Three-card brag is a 16th-century British card game, and the British national representative of the vying or "bluffing" family of gambling games. Brag is a direct descendant of the Elizabethan game of Primero and one of the several ancestors to poker, just varying in betting style and hand rankings.
|Playing time||5-10 min.|
|Teen patti, poker|
Everyone antes, and players are each dealt three cards face down. There is a single round of betting, with action starting to the left of the dealer. Each player has the option of betting or folding. If there was a previous bet, the player must contribute at least that much more to the pot. (Unlike usual poker betting, a player's previous money contributed to the pot is ignored.) This betting continues until there are only two players left, at which point either player may double the previous bet to "see" his opponent. At this point, the two hands are revealed, and the player with the better hand takes the entire pot. If there is a tie, the player who is seeing loses.
For example, with four players A, B, C and D, this situation could occur: Player A bets 2 chips, B folds, C bets 2 chips and D bets 2 chips. In order to stay in, A would have to bet another 2 chips (at least).
Three of a kind
Hands generally follow the same sequence as the five-card hands of poker with some variation created by the differing odds of a three-card hand. As there are only three cards, four of a kind and a full house are not possible. Three of a kind is a very high-ranked hand, while a straight beats a flush, as three-card flushes are more likely than three-card straights while the reverse is true of five-card poker hands. The full probabilities are as follows:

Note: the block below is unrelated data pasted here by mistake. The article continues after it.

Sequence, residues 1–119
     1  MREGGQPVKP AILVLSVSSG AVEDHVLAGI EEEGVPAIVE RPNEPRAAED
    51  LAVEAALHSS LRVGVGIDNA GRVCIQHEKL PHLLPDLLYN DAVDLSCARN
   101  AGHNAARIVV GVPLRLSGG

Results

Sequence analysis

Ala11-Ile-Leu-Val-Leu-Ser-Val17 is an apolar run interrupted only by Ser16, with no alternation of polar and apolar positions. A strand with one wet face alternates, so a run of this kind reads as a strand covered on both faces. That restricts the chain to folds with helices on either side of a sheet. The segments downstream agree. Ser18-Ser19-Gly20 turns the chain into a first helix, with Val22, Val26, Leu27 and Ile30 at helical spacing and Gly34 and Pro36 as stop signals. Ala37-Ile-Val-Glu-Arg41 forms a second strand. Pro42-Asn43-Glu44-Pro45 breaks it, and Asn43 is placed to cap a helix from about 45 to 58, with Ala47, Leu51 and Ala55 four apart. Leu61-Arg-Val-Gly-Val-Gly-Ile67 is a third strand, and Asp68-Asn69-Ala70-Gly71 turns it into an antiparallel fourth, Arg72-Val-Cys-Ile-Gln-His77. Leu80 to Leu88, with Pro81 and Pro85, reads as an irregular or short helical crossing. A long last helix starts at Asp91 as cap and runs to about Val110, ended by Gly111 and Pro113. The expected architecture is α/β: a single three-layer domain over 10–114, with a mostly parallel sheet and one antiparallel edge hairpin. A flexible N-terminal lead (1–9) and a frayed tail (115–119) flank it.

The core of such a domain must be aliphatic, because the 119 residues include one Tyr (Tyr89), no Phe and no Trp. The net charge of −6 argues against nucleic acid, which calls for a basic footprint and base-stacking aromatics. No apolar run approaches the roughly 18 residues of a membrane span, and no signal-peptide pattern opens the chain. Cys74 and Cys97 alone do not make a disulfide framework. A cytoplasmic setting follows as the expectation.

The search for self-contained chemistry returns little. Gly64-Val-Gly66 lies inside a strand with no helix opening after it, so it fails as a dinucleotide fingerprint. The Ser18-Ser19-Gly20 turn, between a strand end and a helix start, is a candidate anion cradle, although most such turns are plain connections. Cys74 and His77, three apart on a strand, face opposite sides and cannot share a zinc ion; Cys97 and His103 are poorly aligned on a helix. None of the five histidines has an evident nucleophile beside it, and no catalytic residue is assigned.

|Straight flush||Three suited cards in sequence||48||0.22%|
|Three of a kind||Three cards of same rank||52||0.24%|
|Straight||Three cards in sequence||720||3.26%|
|Flush||Three suited cards||1,096||4.96%|
|Pair||Two cards of same rank||3,744||16.94%|
|High card||None of the above||16,440||74.39%|
- Four-card brag: Players are dealt four cards, and must then choose which card to throw away (place at the bottom of the deck) in order to create the best combination. The game is then played in the same way as three-card brag.
- Seven-card brag: Seven cards are dealt, players must choose three cards to play from their hands, or make two hands, with only a successful win if both hands win the pot.
- Nine-card brag: Nine cards are dealt, players sort these into three sets. Four antes are played, one for each set, and a main pot. Each set is then played out, usually without further betting. The winner of each set takes one lot of antes; if a player wins all three sets they receive the main pot as well, otherwise it remains for the next hand. Players must always play the next best available set they have made. Often a player may be able to make two good sets and a poor third (e.g. prial, straight, ten-high), so players that do not think they will be able to win all three will order their hands to leave themselves with a strong third set to protect the main pot.